p = 0.0001

ns

0.0001

AAT

+2.52-fold;p = 0.0001

+3.35-fold;p = 0.0001

+4.09-fold;p = 0.0001

+4.75-fold;p = 0.0001

0.0008

HAPc

#

#

#

#

0.0757

AATf

+7.30-fold;

p = 0.0001

+8.91-fold;

p = 0.0001

+8.12-fold;

p = 0.0001

+14.14-fold;

p = 0.0001

0.0388

*Fold change measures the degree of change in protein expression in patients compared to that of negative controls. This is measured by dividing the average spot intensity in the patients by average spot intensity in the control.

# exclusive detection in patients (not detected in negative controls)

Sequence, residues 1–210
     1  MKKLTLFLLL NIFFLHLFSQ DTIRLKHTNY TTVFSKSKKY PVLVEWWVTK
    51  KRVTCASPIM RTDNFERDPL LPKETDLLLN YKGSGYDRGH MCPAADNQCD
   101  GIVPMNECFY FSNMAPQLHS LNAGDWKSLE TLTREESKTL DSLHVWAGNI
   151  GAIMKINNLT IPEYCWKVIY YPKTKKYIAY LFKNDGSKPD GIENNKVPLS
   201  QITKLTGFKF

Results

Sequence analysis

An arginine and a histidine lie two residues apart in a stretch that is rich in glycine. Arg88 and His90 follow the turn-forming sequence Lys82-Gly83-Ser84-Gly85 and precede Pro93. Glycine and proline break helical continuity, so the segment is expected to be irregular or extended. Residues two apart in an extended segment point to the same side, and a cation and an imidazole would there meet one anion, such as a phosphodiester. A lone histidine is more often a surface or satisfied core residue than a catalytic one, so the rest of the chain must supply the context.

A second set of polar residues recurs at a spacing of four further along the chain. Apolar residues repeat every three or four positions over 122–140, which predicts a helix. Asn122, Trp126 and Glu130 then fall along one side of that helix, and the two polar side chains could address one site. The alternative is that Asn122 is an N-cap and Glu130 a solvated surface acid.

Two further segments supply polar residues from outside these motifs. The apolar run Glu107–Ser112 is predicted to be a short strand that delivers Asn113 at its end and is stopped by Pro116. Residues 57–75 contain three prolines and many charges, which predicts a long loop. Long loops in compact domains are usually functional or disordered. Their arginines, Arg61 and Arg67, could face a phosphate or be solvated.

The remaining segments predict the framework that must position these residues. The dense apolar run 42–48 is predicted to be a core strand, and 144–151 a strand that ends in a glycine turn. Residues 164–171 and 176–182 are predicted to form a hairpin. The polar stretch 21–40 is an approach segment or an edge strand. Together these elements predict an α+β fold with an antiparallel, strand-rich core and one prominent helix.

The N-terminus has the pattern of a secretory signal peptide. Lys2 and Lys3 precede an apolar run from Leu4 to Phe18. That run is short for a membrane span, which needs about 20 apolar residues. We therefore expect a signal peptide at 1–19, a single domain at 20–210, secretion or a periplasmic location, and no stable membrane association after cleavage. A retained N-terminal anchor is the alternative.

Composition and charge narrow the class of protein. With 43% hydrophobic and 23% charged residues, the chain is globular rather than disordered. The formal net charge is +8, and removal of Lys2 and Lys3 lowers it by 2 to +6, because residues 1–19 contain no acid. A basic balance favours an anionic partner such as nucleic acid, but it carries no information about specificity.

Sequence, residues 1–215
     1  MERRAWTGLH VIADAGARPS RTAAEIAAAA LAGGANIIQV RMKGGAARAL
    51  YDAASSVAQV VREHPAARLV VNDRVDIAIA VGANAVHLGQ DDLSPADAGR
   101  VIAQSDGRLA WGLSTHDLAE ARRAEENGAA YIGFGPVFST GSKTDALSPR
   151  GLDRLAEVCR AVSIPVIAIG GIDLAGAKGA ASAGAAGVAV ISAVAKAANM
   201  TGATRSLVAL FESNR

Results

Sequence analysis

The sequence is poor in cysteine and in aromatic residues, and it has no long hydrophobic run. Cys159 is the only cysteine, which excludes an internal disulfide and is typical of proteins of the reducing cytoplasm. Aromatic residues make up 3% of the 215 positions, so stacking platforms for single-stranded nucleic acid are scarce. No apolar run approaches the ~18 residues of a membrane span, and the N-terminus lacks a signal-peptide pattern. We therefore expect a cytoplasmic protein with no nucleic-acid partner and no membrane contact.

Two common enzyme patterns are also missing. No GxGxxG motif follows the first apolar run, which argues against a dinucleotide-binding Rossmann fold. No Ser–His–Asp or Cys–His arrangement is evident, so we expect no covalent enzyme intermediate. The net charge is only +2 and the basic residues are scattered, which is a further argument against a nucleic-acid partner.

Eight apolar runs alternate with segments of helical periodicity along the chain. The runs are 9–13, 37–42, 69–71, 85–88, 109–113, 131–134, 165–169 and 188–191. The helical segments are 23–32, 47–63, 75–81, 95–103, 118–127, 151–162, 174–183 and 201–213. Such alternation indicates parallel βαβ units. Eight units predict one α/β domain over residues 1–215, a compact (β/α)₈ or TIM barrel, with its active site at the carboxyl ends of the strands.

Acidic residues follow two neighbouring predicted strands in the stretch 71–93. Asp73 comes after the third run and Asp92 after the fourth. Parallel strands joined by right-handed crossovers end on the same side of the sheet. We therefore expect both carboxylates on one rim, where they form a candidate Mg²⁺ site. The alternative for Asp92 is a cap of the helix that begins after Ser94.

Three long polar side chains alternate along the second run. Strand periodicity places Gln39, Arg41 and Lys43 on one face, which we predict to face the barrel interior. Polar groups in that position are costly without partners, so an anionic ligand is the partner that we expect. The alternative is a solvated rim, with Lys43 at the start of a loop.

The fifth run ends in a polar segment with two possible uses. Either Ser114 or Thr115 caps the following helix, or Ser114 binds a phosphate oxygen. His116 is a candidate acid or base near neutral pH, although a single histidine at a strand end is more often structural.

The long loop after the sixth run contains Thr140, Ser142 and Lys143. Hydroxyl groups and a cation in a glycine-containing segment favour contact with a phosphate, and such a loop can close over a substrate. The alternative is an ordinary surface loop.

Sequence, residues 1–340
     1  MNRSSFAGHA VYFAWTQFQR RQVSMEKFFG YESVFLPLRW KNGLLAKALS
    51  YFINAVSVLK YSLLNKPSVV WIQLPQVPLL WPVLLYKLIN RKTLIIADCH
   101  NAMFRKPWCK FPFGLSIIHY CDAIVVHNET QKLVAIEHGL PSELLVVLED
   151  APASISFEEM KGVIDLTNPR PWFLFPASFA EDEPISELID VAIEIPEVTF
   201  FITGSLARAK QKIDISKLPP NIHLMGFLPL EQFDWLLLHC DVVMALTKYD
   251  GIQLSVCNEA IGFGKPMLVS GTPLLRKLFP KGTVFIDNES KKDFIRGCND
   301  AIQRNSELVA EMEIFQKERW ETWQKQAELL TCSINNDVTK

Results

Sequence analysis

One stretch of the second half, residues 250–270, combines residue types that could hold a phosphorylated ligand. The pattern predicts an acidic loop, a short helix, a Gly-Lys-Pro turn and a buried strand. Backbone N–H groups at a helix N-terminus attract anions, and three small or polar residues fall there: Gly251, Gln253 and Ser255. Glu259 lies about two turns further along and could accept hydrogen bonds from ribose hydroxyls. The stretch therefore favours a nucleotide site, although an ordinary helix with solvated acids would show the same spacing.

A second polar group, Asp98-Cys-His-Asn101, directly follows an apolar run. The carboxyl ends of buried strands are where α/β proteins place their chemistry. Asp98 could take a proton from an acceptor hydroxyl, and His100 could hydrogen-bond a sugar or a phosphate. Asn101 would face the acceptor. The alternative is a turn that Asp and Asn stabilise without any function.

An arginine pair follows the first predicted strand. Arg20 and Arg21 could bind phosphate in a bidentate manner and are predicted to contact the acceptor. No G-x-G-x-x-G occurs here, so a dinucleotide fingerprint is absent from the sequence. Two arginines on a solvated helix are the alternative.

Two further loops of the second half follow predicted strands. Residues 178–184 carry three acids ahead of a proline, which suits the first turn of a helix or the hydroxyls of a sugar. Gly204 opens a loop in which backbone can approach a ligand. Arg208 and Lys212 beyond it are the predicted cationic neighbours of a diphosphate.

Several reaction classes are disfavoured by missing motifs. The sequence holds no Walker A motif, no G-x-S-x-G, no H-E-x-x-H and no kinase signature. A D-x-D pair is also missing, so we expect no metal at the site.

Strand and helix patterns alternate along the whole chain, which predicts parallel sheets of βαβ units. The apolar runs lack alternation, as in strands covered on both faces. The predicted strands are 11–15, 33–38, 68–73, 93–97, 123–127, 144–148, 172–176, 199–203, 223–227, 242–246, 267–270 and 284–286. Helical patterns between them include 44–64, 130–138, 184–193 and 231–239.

ns protein not significantly expressed

nd protein not detected

+ increased in expression

-- decreased in expression

Figure 2

Mean percentage of volume contribution of APPs expression in negative control women and patients in different stages of EOCa. Percentage of volume contribution (%vol) of APPs spot clusters were analyzed by ImageMaster™ 2D Platinum Software Version 5. Analysis was performed on the spot clusters of A:CLU, B:LRG, C:ACT, D:HAP, E:AAT, F:HAPc, and G:AATf. I, II, III and IV refer to the various stages of EOCa in patients, while NC refers to the negative control. Results are means ± SD of the respective number of samples in each cohort analysed (stage I, n = 4; stage II, n = 6; stage III, n = 6; stage IV, n = 4; negative control, n = 24). Summary of the relative expression of serum proteins analysed is presented in Table 1. Asterisks denote significantly different values (p < 0.05).

Discussion